6. Every SQL interpreter has its peculiarities

Every SQL interpreter has its peculiarities, one query could work in a SQL environment and not in another one.

For instance, QUALIFY clause to filter results are Teradata-specific (Very useful indeed) but to make the same query in OracleDB you should use something different:


 RANK() OVER (PARTITION BY username ORDER BY POINTS) my_rank, A.* FROM table_user_points_actions A) T 
WHERE T.my_rank=1

Let’s dive into this a bit. Both queries will get all the usernames and the time they make more points, in Teradata we will use QUALIFY to order the values and will get the first one of them (That would be the =1){

In oracle, we should RANK each value by username and points and then get the first one of them.

7. CASE WHEN… ELSE… END – A good ally

The CASE clause is a good ally to understanding when a condition in your query is met.

SELECT username, CASE WHEN SUBSTRING(username,1,2)='A' THEN 'Username starts with A' 
WHEN SUBSTRING(username,1,2)='B' THEN 'Username starts with B' 
ELSE 'Username doesn't start with A or B' END as username_first_letter_a_or_b_or_else FROM user_tables

This query will tell us if the username starts with A or B, case else, it will tell us it doesn’t start with any of them both.

8. Using subqueries is ALWAYS a good idea

Using subqueries is ALWAYS a good idea, not just because it will execute your code in parts letting you an easier debugging work but also because you sometimes need to know one result in order to get another result (Almost always when you use aggregate functions).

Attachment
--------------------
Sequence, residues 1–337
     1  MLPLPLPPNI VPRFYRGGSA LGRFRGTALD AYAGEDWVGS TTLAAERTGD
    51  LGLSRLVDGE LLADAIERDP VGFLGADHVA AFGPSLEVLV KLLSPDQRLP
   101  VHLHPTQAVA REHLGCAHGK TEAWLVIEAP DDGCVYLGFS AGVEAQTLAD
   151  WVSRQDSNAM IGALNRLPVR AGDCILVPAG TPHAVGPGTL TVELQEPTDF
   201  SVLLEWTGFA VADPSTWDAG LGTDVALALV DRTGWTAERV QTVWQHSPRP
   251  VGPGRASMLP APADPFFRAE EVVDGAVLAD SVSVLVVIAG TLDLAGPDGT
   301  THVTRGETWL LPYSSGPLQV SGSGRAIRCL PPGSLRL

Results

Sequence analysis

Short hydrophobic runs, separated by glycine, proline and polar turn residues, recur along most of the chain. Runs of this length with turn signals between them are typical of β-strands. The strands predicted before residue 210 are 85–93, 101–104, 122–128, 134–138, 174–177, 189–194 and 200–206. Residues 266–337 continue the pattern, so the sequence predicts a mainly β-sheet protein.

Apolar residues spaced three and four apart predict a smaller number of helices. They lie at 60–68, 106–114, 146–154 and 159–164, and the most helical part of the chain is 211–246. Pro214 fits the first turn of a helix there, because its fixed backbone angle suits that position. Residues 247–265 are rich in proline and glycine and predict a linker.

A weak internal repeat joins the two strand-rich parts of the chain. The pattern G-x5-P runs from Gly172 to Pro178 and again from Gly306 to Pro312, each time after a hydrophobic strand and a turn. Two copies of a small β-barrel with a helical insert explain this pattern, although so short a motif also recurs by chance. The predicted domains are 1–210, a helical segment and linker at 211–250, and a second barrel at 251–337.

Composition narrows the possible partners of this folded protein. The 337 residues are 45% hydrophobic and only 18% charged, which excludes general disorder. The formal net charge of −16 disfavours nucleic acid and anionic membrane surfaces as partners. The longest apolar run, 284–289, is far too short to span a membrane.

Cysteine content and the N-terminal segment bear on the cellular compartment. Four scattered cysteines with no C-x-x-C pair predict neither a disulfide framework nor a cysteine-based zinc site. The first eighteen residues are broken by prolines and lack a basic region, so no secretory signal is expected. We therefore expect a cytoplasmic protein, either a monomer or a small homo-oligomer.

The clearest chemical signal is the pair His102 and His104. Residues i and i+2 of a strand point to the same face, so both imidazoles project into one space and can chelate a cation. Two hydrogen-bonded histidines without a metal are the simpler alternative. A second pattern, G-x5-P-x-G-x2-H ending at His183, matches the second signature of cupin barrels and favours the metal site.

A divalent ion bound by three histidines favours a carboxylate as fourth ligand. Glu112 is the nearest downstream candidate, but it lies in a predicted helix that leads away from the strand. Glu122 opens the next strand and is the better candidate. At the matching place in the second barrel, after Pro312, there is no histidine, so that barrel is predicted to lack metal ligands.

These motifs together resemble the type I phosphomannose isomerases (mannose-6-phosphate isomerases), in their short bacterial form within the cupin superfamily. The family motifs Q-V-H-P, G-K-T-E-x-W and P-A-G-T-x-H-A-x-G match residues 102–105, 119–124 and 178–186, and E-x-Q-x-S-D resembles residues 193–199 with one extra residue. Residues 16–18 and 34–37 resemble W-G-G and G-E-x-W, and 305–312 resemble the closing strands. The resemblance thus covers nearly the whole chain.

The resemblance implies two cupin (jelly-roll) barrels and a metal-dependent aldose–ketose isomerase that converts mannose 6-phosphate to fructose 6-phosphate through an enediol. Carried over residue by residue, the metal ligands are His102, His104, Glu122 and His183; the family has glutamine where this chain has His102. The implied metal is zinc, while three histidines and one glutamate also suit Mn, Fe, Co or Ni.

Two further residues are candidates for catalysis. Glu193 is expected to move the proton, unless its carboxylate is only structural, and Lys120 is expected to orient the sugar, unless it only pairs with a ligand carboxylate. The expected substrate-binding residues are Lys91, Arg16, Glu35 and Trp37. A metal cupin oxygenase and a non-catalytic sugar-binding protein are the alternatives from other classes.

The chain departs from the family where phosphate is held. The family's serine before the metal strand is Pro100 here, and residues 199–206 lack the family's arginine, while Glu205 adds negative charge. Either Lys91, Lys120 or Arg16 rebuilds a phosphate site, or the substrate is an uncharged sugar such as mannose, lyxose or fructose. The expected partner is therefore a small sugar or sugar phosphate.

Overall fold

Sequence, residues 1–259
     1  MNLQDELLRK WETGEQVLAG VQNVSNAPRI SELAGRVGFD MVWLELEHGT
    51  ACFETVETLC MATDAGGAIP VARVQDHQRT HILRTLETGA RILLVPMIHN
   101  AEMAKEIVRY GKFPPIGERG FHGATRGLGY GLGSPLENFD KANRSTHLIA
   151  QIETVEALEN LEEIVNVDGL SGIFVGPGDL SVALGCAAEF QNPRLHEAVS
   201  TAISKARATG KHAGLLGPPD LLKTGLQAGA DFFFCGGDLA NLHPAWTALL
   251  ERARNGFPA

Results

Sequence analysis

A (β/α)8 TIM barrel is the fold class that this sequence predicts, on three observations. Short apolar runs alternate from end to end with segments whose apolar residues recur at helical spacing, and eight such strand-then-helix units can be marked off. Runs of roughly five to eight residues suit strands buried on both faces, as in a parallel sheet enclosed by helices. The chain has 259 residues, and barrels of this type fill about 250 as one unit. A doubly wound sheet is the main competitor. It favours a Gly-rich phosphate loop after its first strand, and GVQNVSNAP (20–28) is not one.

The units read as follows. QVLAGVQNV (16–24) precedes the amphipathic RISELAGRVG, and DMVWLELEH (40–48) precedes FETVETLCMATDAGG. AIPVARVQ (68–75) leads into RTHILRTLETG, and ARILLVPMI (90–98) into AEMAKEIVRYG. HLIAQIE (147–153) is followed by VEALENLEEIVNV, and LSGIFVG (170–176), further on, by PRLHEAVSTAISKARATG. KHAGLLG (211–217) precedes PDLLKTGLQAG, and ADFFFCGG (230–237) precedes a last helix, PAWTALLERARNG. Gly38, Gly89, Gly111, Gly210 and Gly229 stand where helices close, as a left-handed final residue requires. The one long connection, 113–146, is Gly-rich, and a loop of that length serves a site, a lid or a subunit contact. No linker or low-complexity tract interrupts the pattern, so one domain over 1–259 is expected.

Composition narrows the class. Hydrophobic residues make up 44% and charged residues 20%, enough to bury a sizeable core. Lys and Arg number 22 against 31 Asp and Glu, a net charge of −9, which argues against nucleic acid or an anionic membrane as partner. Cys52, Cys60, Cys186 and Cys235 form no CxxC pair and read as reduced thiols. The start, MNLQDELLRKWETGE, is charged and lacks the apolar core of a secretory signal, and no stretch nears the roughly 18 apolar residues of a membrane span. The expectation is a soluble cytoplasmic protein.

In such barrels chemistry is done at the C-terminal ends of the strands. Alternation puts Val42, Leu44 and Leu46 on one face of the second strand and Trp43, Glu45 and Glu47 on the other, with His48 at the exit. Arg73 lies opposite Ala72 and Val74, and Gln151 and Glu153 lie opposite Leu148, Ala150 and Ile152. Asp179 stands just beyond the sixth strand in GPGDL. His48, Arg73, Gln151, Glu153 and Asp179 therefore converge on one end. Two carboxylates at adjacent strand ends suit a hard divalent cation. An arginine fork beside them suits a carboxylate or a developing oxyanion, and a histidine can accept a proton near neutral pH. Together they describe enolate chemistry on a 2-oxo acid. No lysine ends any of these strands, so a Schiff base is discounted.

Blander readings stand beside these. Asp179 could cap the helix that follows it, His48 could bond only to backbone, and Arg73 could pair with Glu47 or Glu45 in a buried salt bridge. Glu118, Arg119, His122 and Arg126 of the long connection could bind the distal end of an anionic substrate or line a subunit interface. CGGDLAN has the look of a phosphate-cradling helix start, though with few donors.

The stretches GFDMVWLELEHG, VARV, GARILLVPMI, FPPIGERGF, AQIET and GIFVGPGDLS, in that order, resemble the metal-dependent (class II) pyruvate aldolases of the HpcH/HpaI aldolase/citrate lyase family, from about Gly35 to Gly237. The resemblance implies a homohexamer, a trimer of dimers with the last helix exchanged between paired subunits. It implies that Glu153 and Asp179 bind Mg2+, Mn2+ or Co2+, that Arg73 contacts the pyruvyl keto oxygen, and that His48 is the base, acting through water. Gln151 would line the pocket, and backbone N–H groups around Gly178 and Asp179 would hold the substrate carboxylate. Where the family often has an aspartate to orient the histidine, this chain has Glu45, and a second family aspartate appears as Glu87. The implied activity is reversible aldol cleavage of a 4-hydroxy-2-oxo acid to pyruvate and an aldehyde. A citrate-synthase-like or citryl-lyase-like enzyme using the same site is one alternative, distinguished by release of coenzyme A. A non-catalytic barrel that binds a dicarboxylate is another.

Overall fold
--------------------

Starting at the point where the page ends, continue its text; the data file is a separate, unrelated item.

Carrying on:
SELECT T.username,
CASE WHEN T.sum_points > 100 THEN 'User have win' ELSE 'User didn't win' END as USER_WIN
FROM (SELECT Username, SUM(points) as sum_points FROM table_user_points_actions GROUP BY 1) T 

This will sum up how many points the user has accumulated, if it has been more than 100, will say that the user won, case else that the user didn’t win.

9. Not all join statements work the same way.

Not all join statement work the same way.

For instance, a LEFT JOIN will use the first table as the base table and add the data of the second table to it (And repeat if it is found more than once). Nevertheless, a FULL JOIN will put the two tables together.

# This query will match the first table and the second table, but will not show when there is a username in table_user_points_actions that is not in table_username
SELECT * FROM table_username A
LEFT JOIN table_user_points_actions B
ON A.username=B.username

# This query will match the first table and the second table, but WILL show the registers left "abandoned" by the first table
SELECT * FROM table_username A
FULL JOIN table_user_points_actions B
ON A.username=B.username

10. In doubt, separate your query statement

One good way of debugging your query statement is separate it into smaller statements.

SELECT A.*, SUM(POINTS) FROM table_username A GROUP BY 1,2,3,4,5,6; --Doesn't work
SELECT A.* FROM TABLE_USERNAME A GROUP BY 1,2,3,4,5,6; -- Also doesn't work because there are 5 values on the table and I am grouping by 6
SELECT SUM(POINTS) FROM table_username A; -- Does work

Corrected query:
SELECT A.*, SUM(POINTS) FROM table_username A GROUP BY 1,2,3,4,5,6; -- Does work


SQL is a beautiful and special programming language that you need to know to be a good data analyst, hope these tips help you in the present or future!